Published (Updated )

The paper, Gender, Violence and Brexit, published in Northern Ireland Legal Quarterly and authored by Professor Sylvia Walby OBE, analyses the possible changes to governance of gender-based violence in the UK after Brexit.

In her analysis, Professor Walby, Director of City’s Violence and Society Centre, compares the European Union (EU) and UK strategies to gender violence.

Hypothesising four potential outcomes of changes to gender violence/security in the UK after Brexit, Professor Walby finds the event with the most extreme changes to be the most likely.

“The EU is a significant source of governance in gendered violence and that exit will remove this influence,” said Professor Walby.

There is likely to be a major change because the UK governance of gendered violence would lose its anchor to laws and policies embedded in EU Treaties and implemented in institutions developed for its economic and security strategies.

– Professor Sylvia Walby

The report highlights that the EU has a ‘softer’ strategy to gender violence through policies which attempt to reduce the social inequalities that can create violence, compared to the UK’s ‘harder’ response by increasing security powers and criminal justice practices.

“The extent of violence in a country varies not only with the nature of the strategy and capacity of its national state, but also with the extent of inequality and poverty,” said Professor Walby.

“The analysis of potential changes in gender-based violence against women, consequent on Brexit needs to include not only policies directly focused on violence against women but also policies towards gender equality including in the economic and political domains,” she continued.

Professor Walby analyses gender relations within areas of violence, economy, polities and civil society. Her comparison of UK and EU gender equality policy finds the EU often in advance over the UK.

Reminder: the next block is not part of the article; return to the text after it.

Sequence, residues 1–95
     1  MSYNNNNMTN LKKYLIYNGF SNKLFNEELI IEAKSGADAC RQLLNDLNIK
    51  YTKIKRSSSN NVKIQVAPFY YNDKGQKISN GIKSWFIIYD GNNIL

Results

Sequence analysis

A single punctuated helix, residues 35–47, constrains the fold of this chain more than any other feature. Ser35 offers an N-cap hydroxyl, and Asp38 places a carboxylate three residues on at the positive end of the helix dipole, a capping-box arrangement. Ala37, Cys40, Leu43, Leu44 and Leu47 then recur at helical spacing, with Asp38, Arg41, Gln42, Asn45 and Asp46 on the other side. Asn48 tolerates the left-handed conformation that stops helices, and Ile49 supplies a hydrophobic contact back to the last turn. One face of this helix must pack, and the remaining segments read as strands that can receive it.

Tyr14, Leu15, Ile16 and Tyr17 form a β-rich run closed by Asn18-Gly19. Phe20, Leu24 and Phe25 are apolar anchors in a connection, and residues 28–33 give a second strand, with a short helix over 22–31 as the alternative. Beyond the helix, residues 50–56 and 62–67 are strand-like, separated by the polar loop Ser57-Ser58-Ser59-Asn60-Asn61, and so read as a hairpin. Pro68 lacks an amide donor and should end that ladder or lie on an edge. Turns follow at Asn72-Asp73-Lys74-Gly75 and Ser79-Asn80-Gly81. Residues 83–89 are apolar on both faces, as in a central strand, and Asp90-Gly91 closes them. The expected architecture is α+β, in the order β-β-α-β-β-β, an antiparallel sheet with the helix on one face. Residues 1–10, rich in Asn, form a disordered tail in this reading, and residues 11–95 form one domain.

Professor Walby said: “The loss of gender equality regulations would increase gendered economic inequalities which would be likely to increase violence against women.

“Brexit is likely to diminish laws and policies that promote gender equality, equality in the economy more generally, and to harden the UK’s violence and security strategy.

“The consequence of these changes is likely to lead to an increase in gendered violence.”

New trade deals could increase gender violence

Despite the UK exiting the EU on 31st January 2020 and the transitional period set to run until 31st December 2020, many issues concerning the UK and EU’s relationship have not yet been settled.

Brexit has the potential to rupture the internal relations between the nations and devolved administrations of the UK, including that concerning Northern Ireland, and to change their capacities to govern violent crime and security.

– Professor Sylvia Walby

In the event of a ‘hard or no deal Brexit’, the UK will seek trade deals with other forces such as the United States and China.

However, Professor Walby warns that “these forces generate higher levels of inequality and violence,” often implementing harder strategies to gender violence/security than both the EU and UK.

“The EU has greater capacity to withstand the pressures of these forces than the UK because of its scale and capabilities,” said Professor Walby.

“The loss of the EU anchor is likely to increase inequality and violence in the UK,” she concluded.

Read the paper, Gender, Violence and Brexit, published in Northern Ireland Legal Quarterly.

For more information see the Violence and Society Centre.